The State, War and the State of War has been published in 1996. Its author, Kalevi J. Holsti is a professor of Political Science at the University of British Columbia. This book is based on his previous study: Peace and War: armed conflicts and International Order 1648-1989. The work was published just after the end of the war in Bosnia and the conclusion of Dayton Agreements. To some extent, it reflects the issues the world was dealing with at that time: the difficult construction of a new international order after the collapse of the Soviet Union and a new proliferation of states since the end of de-colonization.
[...] Moreover, classical interstate wars have declined and have also quasi deserted two continents (Europe, North America). (p.25) Holsti distinguishes 3 criteria to show the transformation: the purpose of war, the role of civilians during wartime, and the institutions of war. (p.27). He thus distinguishes three forms of War since the creation of the Nation-State: - Institutionalised Wars: “deliberate efforts to impose strict codes of conducts, clear separation between soldiers and civilians and diplomatic goals” (p.29) - Total Wars: They date from 1792 and the French levée en masse. [...]
[...] "The State, War, and the State of War" by Kalevi J. Holsti The State, War and the State of War has been published in 1996. Its author, Kalevi J. Holsti is professor of Political Science at the University of British Columbia. This book seems to be the following of his previous study: Peace and War: armed conflicts and International Order 1648- 1989. The work has been published just after the end of the war in Bosnia and the conclusion of Dayton Agreements. [...]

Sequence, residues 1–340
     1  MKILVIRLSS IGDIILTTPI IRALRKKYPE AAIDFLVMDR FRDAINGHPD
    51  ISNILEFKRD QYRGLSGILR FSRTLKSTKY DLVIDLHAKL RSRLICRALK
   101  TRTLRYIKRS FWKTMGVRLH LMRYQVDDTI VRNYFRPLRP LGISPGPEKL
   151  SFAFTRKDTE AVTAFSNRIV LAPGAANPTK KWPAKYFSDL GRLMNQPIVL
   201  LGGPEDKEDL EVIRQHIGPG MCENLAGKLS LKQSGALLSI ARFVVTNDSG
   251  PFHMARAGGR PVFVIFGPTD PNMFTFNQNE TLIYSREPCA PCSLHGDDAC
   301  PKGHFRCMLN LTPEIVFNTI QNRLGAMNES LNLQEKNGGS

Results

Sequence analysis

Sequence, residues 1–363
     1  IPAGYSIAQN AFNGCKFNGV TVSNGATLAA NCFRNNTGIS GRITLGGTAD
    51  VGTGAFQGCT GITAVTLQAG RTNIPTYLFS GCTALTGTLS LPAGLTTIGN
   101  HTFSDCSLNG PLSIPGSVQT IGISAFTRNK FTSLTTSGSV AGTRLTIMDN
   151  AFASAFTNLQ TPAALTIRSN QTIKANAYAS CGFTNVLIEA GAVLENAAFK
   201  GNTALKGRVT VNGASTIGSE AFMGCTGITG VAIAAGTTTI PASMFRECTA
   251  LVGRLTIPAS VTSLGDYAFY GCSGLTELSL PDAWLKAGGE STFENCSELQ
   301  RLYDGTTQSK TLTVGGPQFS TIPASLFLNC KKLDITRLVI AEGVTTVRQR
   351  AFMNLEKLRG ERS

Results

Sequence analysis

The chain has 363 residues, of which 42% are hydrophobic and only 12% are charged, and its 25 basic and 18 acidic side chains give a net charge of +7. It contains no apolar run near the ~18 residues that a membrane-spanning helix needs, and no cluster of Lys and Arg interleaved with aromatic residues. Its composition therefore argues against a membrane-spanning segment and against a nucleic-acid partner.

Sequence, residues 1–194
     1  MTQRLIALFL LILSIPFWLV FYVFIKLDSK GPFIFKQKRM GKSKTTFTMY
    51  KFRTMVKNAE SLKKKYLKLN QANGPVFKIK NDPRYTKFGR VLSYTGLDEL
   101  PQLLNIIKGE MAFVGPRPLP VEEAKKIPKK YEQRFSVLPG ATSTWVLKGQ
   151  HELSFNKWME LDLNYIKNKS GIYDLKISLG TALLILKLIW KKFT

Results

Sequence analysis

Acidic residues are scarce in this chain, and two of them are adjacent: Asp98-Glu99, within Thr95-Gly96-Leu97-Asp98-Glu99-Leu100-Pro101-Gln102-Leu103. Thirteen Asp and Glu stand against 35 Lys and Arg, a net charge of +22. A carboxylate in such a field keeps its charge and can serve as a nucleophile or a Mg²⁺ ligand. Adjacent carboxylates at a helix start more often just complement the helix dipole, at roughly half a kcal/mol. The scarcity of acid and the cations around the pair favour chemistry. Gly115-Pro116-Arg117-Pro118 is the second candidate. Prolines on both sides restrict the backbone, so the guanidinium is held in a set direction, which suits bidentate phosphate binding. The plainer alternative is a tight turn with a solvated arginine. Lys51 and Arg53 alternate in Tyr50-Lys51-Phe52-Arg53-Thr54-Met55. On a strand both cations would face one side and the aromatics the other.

[...] They concentrated on fighting the oppressions of colonialism. Finally the United Nations “granted them membership to the organization and provided the new states with a variety of life-support assistance” (p.73), without inquiring on whether they owned the four traditional elements of statehood: defined territory, a permanent population, an effective government, a capacity to enter into treaty relations with other states.” (p.77) According to Holsti, it produced a single format which led to the “universalization of the Western territorial State,” (p.79) and finally created artificial states which lacked legitimacy. [...]
[...] The question is thus to know if the international system can do anything about that weakness Can the international system manage wars of the third kind and the weakness of States? Holsti believes that only two ways of management is possible: Either weak States are helped to become stronger, or alternative to the state has to be developed.” ( p.183) Here are the solutions that the International System tried to put into practice: - The standard post-1989 solution: “democratisation.” (p.183). Problem: equal opportunity for access to decisions and allocations are sometimes impossible (minorities in Sudan, Myanmar, Sri Lanka). - Devolution: that is to say federalism. [...]
[...] It derives from the fixation and the delimitation of territorial boundaries, as well as the right to tax its people within those boundaries, the increase of the centralization process or the institutions of justice, security and order. (p.43) Holsti especially emphasised the term “community”. To create a State, there must be a community. It can be a community of citizens like in France, or a community of Nationals like in Germany, which share language and culture. The problem of weak states comes, for the author, from the recognition of the right of self-determination by Woodrow Wilson in 1919. [...]
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